Why Masonry Caulking Can Fail
Caulking provides an airtight, watertight seal between two materials. Polyurethane, butyl rubber and silicone caulks are specially formulated to ensure good adhesion on brick and other masonry services. But for various reasons, masonry caulking can fail, creating much more expensive repairs such as cracking, water and brick damage. While masonry caulking is designed to last about 20 years, both new buildings and old are susceptible to caulking problems. When the caulk is no longer adhering to both materials or is cracked, it’s a sure sign of failure.
Problem 1: Caulking Doesn’t Adhere
If the surfaces are not properly cleaned prior to the application, or joints are not cleaned out and tooled, the sealant may not adhere properly to the surfaces. Problems can emerge days, weeks or even months after the application.
Problem 2: Tears or Cracks in the Caulking
Poor joint design can result in tears within the caulk itself. Generally the design will call for a foam backer rod, or a specified ratio of width to thickness as well as proper tooling of the joints.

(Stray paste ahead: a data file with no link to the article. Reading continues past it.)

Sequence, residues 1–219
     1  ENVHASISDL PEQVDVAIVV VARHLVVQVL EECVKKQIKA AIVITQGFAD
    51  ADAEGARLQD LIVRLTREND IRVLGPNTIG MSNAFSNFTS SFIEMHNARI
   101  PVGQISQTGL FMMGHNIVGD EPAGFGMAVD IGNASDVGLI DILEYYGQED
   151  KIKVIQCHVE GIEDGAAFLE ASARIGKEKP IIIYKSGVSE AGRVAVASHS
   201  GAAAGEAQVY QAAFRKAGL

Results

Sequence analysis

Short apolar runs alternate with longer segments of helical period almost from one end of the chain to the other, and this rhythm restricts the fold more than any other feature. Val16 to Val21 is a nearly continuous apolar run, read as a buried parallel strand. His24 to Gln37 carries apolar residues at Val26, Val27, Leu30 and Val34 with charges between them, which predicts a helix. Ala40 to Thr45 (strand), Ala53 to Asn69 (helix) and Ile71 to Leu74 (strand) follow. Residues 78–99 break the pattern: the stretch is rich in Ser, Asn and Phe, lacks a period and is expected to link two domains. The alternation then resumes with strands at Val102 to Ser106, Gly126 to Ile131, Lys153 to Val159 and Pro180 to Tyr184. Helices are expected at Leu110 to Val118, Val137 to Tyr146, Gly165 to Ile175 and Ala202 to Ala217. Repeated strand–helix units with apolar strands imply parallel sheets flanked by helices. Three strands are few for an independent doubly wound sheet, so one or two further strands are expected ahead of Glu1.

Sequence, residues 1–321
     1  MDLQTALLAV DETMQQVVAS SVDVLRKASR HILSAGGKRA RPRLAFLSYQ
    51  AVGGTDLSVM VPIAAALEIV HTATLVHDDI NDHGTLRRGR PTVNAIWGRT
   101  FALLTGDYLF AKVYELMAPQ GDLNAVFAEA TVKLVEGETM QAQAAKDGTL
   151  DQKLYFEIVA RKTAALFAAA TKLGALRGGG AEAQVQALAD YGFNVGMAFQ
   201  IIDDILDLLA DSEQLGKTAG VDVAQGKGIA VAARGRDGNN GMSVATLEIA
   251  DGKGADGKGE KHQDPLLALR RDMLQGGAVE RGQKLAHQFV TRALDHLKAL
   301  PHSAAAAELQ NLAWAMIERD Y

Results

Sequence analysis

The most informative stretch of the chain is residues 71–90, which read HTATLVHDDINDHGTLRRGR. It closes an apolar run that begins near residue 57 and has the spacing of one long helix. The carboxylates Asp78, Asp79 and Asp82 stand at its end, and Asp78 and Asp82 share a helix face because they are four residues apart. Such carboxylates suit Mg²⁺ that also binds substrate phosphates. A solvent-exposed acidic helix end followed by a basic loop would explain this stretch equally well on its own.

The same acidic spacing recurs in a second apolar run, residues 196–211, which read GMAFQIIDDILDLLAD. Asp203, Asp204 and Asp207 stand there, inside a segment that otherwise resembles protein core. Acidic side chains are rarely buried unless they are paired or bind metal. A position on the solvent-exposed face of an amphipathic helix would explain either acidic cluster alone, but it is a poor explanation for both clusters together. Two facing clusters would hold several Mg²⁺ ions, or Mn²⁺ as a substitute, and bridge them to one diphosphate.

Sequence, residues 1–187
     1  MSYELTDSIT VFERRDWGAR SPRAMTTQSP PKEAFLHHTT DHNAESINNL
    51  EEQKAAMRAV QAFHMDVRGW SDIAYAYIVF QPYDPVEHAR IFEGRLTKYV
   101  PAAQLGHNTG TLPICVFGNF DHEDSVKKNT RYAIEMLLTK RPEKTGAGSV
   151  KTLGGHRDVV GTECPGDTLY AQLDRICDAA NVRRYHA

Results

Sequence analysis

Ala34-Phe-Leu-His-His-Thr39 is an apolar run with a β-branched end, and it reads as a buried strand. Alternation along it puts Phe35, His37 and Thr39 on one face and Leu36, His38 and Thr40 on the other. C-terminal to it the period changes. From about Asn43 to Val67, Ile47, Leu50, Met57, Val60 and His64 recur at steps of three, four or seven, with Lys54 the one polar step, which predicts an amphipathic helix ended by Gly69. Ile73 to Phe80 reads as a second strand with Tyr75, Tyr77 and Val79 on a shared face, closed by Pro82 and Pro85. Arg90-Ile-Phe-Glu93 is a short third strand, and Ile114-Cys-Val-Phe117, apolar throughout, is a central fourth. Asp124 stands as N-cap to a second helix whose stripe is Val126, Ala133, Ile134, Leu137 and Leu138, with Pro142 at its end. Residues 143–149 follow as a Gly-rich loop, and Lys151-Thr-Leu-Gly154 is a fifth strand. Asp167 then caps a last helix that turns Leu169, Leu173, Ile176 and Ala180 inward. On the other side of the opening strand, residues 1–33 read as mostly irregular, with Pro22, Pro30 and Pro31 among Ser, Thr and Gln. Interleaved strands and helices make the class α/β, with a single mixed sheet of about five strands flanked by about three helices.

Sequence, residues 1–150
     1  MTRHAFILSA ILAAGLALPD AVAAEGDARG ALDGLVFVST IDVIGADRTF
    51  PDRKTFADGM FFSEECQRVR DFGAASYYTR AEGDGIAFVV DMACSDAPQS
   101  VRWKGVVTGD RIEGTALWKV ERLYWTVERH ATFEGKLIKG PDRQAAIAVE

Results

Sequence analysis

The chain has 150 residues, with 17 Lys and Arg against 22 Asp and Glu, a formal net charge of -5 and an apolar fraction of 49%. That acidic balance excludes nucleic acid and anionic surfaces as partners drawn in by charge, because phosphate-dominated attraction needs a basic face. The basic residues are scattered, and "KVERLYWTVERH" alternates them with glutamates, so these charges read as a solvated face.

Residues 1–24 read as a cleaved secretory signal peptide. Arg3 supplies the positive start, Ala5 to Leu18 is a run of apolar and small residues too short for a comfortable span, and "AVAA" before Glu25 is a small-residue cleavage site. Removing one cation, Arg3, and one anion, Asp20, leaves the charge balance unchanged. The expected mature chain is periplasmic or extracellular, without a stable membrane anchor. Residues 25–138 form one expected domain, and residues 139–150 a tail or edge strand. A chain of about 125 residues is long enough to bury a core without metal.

Problem 3: The Installer Misses a Spot
Caulking is subject to human error. Even a small break in the caulk can result in a leak.
Problem 4: Caulking Is Under Water
Constant exposure to water will cause caulking to fail prematurely. A professional tuckpointing contractor or building professional can diagnose structural issues which result from improper drainage. For example, a window sill or porch sloped the wrong way can keep caulking permanently wet.
Problem 5: Caulk Incompatibility
Sometimes different materials just don’t like each other. In certain situations, the caulk can react to another material that is present or to a substance used as a cleaner. It’s important to follow the manufacturer’s directions explicitly.
Because failures do occur, it’s important to check caulking regularly. And while caulking appears to be a simple task, the problems above demonstrate it can actually be quite complicated. A professional installation ensures the right materials, tools and techniques will be used to keep a tight seal for many years to come.
Not sure if you need new caulking? Give us a call.